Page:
http://www.bushfarms.com/beessctheories.htm
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Michael Bush
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BjornBee
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« Reply #35 on: December 13, 2011, 11:47:37 AM »

Well that certainly is far different than the vague message of a one line statement that dumping bees on a certain comb will make all mite issues go away. Perhaps an asterisk, or disclaimer should be considered in the future.  Wink

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Michael Bush
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« Reply #36 on: December 13, 2011, 07:44:24 PM »

There are many things I would do for many reasons.  And a hive is certainly not limited to one issue that needs to be addressed to have healthy productive bees.  However, if you are talking about the one issue, Varroa, and the one thing that tips the scale on that one issue, for me that was cell size.  I was already doing the rest.  I was already raising my own queens and not treating when the all died from Varroa.  I tried SMR and Russian Queens.  I bought some more Buckfasts (I was already using them when the first die from Varroa) and they all died from Varroa on large cell.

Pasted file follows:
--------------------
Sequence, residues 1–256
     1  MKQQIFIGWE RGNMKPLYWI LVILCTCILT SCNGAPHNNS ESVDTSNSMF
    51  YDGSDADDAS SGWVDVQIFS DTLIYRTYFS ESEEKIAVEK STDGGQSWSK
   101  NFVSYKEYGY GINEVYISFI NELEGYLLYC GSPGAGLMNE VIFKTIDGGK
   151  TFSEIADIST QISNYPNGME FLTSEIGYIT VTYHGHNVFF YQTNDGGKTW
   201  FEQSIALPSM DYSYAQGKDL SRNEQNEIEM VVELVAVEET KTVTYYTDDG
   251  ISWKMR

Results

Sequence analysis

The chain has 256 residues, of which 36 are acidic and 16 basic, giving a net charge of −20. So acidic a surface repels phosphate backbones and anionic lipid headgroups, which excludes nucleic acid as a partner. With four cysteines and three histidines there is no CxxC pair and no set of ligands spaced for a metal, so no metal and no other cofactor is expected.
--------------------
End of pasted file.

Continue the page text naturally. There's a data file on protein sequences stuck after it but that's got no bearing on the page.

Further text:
Now do I think you can take a bunch of Southern large cell bees, put them on contaminated wax that happens to be small cell, treat them with antibiotics and organic acids that will kill off all the microbes and expect them to live through the winter?  No.  But that is not because of Varroa.
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Michael Bush
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Solomon Parker
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« Reply #37 on: December 26, 2011, 09:44:14 AM »

I also keep my bees on small cell.  I do not believe it to be the single solution to mite problems.  I firmly believe there to be a survivor genetic component as well as the necessity for clean wax.
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Solomon Parker
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bud1
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« Reply #38 on: December 26, 2011, 11:49:55 PM »

i got them southern bees; every one of them caught or cutout. dont use small cell or treat for varona and some of my hives are 6-7 yrs. old. one dies just catch a swarm and chunk it in the hive on the old comb.  as jeff says no wories mate.
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bud1
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« Reply #39 on: December 26, 2011, 11:55:13 PM »

oops forgot most do live through the winter if fireants or beetles dont get them. varona no problem, beetles, now thats another story